Seventeen regular season rounds are done and dusted for Super Rugby 2017 and eight of the 18 hopefuls have qualified for what is sure to be an exciting Finals Series. Half of the representatives hail from New Zealand, with a further three from South Africa, and the Brumbies flying the flag solo for the Australian contingent.

Among them lies a distinct disparity in how they’ve performed for the season to date. The Hurricanes and Lions, finalists from an exciting 2016 campaign, lead the way in terms of raw point-scoring ability. Both have amassed an average of more than 39 points scored per game this season, which is nearly double what the defensively minded Brumbies have put on the board. The Wellington side haven’t had to rely on goal kicking, either, pitching only 70% of their attempts at goal on course.

              

The Highlanders and Sharks are the only remaining teams to have hit more than eight-in-ten goal attempts through the posts, while the Crusaders (69% success rate) will certainly need to up the ante on their place kicks if they’re to keep in touch with a tight end to the tournament.

When it comes to yardage, the half-kilometre mark splits the remaining eight sides, with four averaging 500m or more per game this season and four averaging less.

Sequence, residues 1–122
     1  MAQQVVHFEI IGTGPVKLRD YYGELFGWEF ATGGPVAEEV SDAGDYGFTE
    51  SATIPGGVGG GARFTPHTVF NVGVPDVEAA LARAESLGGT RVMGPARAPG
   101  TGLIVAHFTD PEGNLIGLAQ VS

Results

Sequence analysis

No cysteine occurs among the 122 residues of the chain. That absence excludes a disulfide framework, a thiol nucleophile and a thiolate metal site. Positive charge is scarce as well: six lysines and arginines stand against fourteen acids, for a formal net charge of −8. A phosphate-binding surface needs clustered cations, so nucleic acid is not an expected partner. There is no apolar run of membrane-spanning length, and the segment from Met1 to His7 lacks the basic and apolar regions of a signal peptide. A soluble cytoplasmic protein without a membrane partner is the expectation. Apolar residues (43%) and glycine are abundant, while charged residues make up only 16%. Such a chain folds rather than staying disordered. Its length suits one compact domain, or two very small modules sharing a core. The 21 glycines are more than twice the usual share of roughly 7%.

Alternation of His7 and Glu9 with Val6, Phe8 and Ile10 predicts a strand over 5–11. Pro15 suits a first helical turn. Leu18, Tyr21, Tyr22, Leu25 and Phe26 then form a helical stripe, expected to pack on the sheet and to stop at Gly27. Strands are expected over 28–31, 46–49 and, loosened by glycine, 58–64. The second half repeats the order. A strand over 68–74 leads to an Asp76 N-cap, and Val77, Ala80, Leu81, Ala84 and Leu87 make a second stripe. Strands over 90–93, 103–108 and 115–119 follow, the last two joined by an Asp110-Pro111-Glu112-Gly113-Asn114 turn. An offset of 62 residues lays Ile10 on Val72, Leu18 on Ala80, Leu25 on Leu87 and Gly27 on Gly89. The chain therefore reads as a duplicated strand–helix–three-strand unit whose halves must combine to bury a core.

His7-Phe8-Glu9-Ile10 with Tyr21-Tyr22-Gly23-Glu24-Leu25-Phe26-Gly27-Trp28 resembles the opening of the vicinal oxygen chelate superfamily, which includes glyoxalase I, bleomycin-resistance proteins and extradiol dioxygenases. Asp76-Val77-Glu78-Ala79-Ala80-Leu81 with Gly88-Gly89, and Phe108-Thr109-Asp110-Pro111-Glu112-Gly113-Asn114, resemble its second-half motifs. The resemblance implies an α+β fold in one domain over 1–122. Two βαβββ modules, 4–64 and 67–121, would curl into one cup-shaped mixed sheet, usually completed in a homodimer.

The Lions, again, lead the way with an average of 573m gained per game this season (thanks largely to a Super Rugby era (2011-) record 1,214m against the Sunwolves in Round 15) while Brumbies bring up the rear, averaging far fewer carries and metres gained than any other the remaining eight teams.

The ACT side aren’t too far behind in clean breaks made, particularly given their reduced carry output this campaign. In fact, while they’ve made the fewest clean breaks of any remaining team, they’ve also conceded the fewest per game (6.1) of any team in the entire competition.

The Chiefs are the most likely of any of the final eight to promote second-phase play, averaging more than 15 offloads per game. The Crusaders also average 15 offloads per game this season, though none of the remaining six finalists have been as productive.

The Chiefs have certainly been among the most efficient teams in the competition. The Hamilton club are the only club of the remaining eight to average fewer than 15 minutes of time in possession per game this season, and average nearly three minutes fewer than the category-leading Lions.

The Australian representatives have been among the strongest at the set piece, and are one of only two teams remaining to boast a success rate above 90% at both the lineout and the scrum. The Crusaders have also managed to do so, but are weighed by a tackle success rate of just 84%, which is the lowest among any of the eight teams to have survived the regular season.

Each of the eight teams have definite strengths as they look to progress past the opening round of the Super Rugby 2017 Finals, and each will also have their weaknesses, but who will come out on top this weekend?